What is a math statement
"It is an important and popular fact that things are not always as what they seem. For instance, on the planet earth, man has always assumed that he was more intelligent than dolphins because he had achieved so much: the wheel, New York, wars. [. ] But conversely, the dolphins had always believed that they were far more intelligent than men; for precisely the same reasons."
"42. (The answer to life, the universe, and everything.)"
Douglas Adams (The hitchhiker's guide to the galaxy )
"Mathematics is less related to accounting than it is to philosophy."
Leonard Adleman (quoted in an article by Gina Kolata in the New York Times on 13 December 1994)
"What if everything is an illusion and nothing exists? In that case, I definitely overpaid for my carpet."
"If you don't like your analyst, see your local algebraist!"
Gert Almkvist (founder and director of The Institute for Algebraic Meditation)
"logloglog n has been proved to go to infinity, but has never been observed to do so."
"Anyone can count the seeds in an apple, but no one can count the apples in a seed."
"You can only be truly accomplished at something you love. Don't make money the goal. Instead, pursue the things you love doing, and do them so well that people can't take their eyes off you. All the other tangible rewards will come as a result."
"Probable impossibilities are to be preferred to improbable possibilities."
"It is my experience that proofs involving matrices can be shortened by 50% if one throws the matrices out."
E. Artin (Geometric Algebra. p. 14)
"Combinatorial analysis, in the trivial sense of manipulating binomial and multinomial coefficients, and formally expanding powers of infinite series by applications ad libitum and ad nauseamque of the multinomial theorem, represented the best that academic mathematics could do in the Germany of the late 18th century."
"If things are nice there is probably a good reason why they are nice: and if you do not know at least one reason for this good fortune, then you still have work to do."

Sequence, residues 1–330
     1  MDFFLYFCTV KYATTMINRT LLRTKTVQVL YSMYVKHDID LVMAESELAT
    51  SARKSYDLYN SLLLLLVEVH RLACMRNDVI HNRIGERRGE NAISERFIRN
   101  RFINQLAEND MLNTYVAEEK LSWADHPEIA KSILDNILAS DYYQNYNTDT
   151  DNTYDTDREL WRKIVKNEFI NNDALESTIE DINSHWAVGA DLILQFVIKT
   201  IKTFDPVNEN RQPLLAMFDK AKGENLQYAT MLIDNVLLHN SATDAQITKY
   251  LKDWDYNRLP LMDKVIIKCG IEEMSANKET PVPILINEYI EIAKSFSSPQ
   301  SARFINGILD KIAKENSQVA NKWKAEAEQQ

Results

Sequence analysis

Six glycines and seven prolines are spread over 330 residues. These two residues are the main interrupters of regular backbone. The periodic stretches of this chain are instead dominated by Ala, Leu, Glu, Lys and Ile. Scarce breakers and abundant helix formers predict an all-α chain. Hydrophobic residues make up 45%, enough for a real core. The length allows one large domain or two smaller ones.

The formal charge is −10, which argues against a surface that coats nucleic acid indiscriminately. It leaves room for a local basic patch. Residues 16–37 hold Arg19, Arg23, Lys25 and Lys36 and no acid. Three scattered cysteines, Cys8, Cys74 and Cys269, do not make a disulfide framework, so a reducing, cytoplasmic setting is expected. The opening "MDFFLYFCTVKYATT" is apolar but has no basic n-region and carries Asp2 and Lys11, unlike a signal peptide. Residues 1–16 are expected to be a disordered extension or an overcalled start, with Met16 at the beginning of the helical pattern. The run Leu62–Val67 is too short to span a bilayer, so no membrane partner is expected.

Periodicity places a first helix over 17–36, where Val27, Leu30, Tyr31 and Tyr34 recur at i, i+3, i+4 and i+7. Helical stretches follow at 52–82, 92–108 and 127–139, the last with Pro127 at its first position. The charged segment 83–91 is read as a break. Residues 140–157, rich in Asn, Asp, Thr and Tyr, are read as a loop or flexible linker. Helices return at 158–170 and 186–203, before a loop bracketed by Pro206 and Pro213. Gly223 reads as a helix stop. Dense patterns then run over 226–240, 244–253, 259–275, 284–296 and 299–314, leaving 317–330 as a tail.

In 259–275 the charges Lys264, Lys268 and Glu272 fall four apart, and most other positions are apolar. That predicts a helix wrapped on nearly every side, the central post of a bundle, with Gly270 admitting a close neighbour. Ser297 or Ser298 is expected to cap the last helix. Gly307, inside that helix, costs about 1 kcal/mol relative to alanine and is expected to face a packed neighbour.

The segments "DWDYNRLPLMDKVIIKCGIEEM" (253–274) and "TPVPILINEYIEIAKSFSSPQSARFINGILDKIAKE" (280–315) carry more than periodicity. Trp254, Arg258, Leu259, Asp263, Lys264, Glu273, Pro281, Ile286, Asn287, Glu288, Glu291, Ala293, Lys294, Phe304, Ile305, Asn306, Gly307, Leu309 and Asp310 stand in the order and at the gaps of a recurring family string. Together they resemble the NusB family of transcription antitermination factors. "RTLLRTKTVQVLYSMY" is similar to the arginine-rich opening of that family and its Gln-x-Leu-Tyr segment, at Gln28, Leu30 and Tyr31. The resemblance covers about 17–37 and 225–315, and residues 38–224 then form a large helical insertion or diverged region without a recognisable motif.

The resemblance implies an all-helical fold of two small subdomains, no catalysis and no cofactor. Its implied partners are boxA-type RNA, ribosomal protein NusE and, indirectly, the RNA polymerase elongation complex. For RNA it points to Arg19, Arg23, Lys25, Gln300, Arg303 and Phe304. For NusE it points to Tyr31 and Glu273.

Richard Askey (Ramanujan and Important Formulas. p. 32, in Srinivasa Ramanujan (1887-1920), a Tribute. K.R. Nagarajan and T. Soundarajan, eds. Madurai Kamaraj University, 1987)
"In the broad light of day mathematicians check their equations and their proofs, leaving no stone unturned in their search for rigour. But, at night, under the full moon, they dream, they float among the stars and wonder at the miracle of the heavens. They are inspired. Without dreams there is no art, no mathematics, no life."
Michael Atiya (Notices of the AMS. 2010)
"Spending time with math people is a lot of fun. As a result of the play, I've had semi-drunken dinners with mathematicians all over the country. I recommend the experience."
David Auburn (playwright of Proof )
"Quapropter bono christiano, sive mathematici, sive quilibet impie divinantium, maxime dicentes vera, cavendi sunt, ne consortio daemoniorum animam deceptam, pacto quodam societatis irretiant."
("Thus the good christian should beware of mathematicians and all those who make false prophecies, however much they may in fact speak the truth; lest, being in league with the devil, they may deceive errant souls into making common cause.")
Augustinus (De genesis ad literam. Liber 2, Caput XVII, Nr. 37)
"Z is complicated."
Eric Babson (MSRI, 12/18/08)
"If a 'religion' is defined to be a system of ideas that contains unprovable statements, then Gödel taught us that mathematics is not only a religion, it is the only religion that can prove itself to be one."
"It takes a village to count integer points."
"Lattice points are like cockroaches, if you see one, you know there are a lot of others hiding around."
"This algorithm has been proved to work, but has never been observed to do so" (about the Monte Carlo Markov Chain method for approximate counting of contingency tables).
Alexander Barvinok (Joint Summer Research Conference, Snowbird, UT, 7/16/03, Illinois Mathematics Colloquium, 02/05, and Joint Summer Research Conference, Snowbird, UT, 6/15/06)
"One and one and one is three."
The Beatles (Come together )
"Obvious is the most dangerous word in mathematics."
E. T. Bell
"Mathematics is a collection of cheap tricks and dirty jokes."
"The origins of graph theory are humble, even frivolous."
N. Biggs, E. K. Lloyd, and R. J. Wilson (Graph Theory: 1736-1936 )
"No WLAN [wi-fi]. Please just talk to each other and get drunk."
Blackboard outside a bar on Kollwitzstrasse, Berlin
"Life is the twofold internal movement of composition and decomposition at once general and continuous."
Henri de Blainville (American Journal of the Medical Sciences. 1858)
"There are two versions of math in the lives of many Americans: the strange and boring subject that they encountered in classrooms and an interesting set of ideas that is the math of the world, and is curiously different and surprisingly engaging. Our task is to introduce this second version to today's students, get them excited about math, and prepare them for the future."
Jo Boaler (What's Math Got to Do with It?. Penguin 2008)